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22 June, 2024
 
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Nicosia scolds Budapest over Turkic summit faux pas

Cyprus’ new foreign minister hits ground running as challenges and opportunities loom over divided island

Newsroom

Cypriot newly-appointed Foreign Minister Constantinos Kombos warned his Hungarian counterpart this week that Nicosia would keep an eye on how Budapest carries forwards after a diplomatic faux pas involving a Turkish Cypriot delegation at a summit in Ankara.

Kombos met with Hungarian Foreign Minister Peter Szijjarto on Monday in Brussels, where foreign ministers met at the Foreign Affairs Council of the EU to discuss Ukraine, Tunisia, and other issues.

Kombos took issue with the presence of Szijjarto and Orban 'in front of symbols of the separatist entity' while a foreign ministry statement said 'explanations were requested and given'

According to the Cyprus News Agency, Kombos met Szijjarto on the sidelines and took issue with a Hungarian delegation that attended an Organization of Turkic States summit in Ankara where the Turkish Cypriot flag was on display.

CNA reported that Kombos took issue with the presence of Szijjarto as well as Hungarian Prime Minister Viktor Orban “in front of symbols of the separatist entity,” adding that a foreign ministry statement said “explanations were requested and given.”

“According to the statement, the Hungarian Foreign Minister ‘reiterated his country's support for the territorial integrity and sovereignty of the Republic of Cyprus’ and Kombos ‘made it clear that Hungary is expected to synchronise its statements and actions, which will be assessed accordingly’,” CNA reported.

Nicosia has been calling on partners to refrain from engaging in any sort of recognition of the Turkish Cypriot breakaway state in the northern part divided Cyprus.

Orban reportedly told the OTS summit that Hungary saw the organization “as a forum for peace in the war in Ukraine.”

A declaration with 16 statements also included a reference to Turkish Cypriots. “Appreciated the active involvement of the Observer States in the activities of the OTS; and noted the participation of the TRNC at the Extraordinary Summit of the OTS,” the summit concluded.

Kombos, who has recently been appointed by new Cypriot President Nikos Christodoulides, has hit the ground running as more challenges and opportunities for Nicosia were in the horizon.

A quick handshake between Kombos and Turkish Foreign Minister Mevlut Cavusoglu in Brussels was caught by a photographer in Brussels during an international donors conference for earthquake-stricken Turkey and Syria, with Nicosia announcing a donation of half a million euros.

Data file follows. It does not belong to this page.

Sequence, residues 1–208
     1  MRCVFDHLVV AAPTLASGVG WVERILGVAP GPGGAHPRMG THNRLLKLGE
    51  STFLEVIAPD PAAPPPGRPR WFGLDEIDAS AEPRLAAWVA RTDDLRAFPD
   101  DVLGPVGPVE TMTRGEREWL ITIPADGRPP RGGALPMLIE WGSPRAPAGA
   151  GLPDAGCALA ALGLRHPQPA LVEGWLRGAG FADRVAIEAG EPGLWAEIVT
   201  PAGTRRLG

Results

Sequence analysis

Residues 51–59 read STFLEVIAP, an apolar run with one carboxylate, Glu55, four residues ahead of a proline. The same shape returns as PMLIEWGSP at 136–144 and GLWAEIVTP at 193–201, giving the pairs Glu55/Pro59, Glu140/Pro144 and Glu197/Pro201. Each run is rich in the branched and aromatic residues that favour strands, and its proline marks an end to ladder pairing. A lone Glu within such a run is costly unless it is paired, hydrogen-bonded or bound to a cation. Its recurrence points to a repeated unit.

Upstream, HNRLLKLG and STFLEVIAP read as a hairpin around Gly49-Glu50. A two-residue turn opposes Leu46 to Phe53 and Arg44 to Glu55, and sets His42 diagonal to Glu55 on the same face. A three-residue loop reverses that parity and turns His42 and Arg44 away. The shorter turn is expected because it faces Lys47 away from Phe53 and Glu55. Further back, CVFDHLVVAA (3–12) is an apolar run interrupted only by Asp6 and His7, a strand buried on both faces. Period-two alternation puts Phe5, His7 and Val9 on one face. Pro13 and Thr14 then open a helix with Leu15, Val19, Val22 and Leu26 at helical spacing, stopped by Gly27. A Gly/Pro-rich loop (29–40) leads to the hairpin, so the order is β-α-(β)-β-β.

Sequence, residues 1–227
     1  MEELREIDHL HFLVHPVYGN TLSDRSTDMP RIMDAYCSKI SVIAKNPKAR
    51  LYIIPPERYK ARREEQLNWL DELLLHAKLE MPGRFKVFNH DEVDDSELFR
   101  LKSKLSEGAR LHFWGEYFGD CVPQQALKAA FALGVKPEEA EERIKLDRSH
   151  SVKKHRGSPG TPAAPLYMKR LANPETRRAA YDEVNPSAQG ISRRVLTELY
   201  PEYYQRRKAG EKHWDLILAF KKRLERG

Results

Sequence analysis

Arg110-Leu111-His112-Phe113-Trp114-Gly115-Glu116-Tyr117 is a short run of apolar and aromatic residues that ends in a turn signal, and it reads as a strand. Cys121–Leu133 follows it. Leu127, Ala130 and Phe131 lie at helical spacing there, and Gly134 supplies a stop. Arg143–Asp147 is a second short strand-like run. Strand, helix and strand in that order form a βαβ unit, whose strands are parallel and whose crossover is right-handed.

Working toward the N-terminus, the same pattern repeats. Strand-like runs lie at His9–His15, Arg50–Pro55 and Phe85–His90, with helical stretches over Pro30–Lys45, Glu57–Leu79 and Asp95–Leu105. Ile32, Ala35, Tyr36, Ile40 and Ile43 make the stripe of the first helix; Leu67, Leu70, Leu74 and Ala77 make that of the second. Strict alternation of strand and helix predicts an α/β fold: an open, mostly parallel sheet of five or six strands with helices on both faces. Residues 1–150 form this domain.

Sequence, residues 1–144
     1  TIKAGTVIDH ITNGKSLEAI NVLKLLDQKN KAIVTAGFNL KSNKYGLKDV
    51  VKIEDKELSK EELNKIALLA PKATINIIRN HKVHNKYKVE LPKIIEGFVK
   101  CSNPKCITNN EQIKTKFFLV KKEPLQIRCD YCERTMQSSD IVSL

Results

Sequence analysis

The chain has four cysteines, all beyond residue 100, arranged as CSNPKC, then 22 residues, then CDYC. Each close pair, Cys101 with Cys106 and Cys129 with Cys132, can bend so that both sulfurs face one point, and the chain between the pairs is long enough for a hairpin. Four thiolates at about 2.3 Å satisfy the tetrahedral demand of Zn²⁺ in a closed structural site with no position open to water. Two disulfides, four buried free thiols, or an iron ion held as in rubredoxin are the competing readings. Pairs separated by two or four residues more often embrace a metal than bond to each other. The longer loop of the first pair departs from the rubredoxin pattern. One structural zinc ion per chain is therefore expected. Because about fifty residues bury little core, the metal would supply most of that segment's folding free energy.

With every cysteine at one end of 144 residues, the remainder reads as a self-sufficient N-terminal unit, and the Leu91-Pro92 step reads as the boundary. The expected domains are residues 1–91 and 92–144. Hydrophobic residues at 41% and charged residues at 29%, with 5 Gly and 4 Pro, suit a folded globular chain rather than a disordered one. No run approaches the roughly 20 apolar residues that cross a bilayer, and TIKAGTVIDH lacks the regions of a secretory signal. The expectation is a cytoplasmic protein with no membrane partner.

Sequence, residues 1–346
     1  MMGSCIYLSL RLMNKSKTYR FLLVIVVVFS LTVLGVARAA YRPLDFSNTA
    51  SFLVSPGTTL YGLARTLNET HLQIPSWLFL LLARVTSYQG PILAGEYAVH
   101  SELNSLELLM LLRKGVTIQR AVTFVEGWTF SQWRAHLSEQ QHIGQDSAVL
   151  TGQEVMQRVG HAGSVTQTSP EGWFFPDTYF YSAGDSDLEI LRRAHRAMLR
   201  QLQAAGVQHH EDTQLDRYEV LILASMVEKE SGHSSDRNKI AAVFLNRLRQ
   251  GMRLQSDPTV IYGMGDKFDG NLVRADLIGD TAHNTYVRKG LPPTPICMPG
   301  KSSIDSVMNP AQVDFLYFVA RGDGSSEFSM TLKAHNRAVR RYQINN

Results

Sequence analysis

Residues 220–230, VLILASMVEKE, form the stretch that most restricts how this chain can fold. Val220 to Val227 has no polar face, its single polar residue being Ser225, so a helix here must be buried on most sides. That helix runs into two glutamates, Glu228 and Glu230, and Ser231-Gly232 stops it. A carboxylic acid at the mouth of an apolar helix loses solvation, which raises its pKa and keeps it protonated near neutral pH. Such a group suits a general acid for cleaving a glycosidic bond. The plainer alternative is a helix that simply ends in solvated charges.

The move came as Athens and Ankara warmed up to each other this week, following human crises in both countries, with a meeting taking place between Greek Foreign Minister Nikos Dendias and his Turkish counterpart Mevlut Cavusoglu also in Brussels.

In an unlikely move of mutual support, Ankara said it would vote for Greece’s candidacy in the elections for a non-permanent seat on the United Nations Security Council, while Athens will support Turkey for general-secretary of the International Maritime Organization.

Kombos picks up phone after flag incidnet in Bahrain

But Cyprus’ new minister also had to deal with similar diplomatic faux-pas last week when news emerged of an incident in Bahrain where the Turkish Cypriot flag was hosted at an inter-parliamentary union assembly in Manama.

Kombos quickly picked up the phone and spoke with his Bahraini counterpart Abdullatif bin Rashid Alzayani, later posting on Twitter about a “warm telephone call" and vowing to upgrade the Cypriot consulate in Manama.

“Good exchange on bilateral, regional and EU affairs. Looking forward to personally seeing the Cyprus Embassy in Manama Bahrain up and running soon,” Kombos wrote.

Similar incidents took place in the past but they were amplified in volume last year, prompting Nicosia to seek assurances and warn countries it would not accept efforts that upgrade the status of the divided island’s northern part.

Cyprus has been ethnically divided for half a century. Several peace efforts have failed to reunify the island, which remains split between a recognized south governed by Greek Cypriots and a Turkish Cypriot north not recognized by any country except Turkey.

TAGS
Cyprus  |  Hungary  |  EU  |  Turkey  |  Turkish Cypriot  |  Kombos  |  Ukraine  |  Ankara  |  Cavusoglu  |  Tatar  |  Organization of Turkic States

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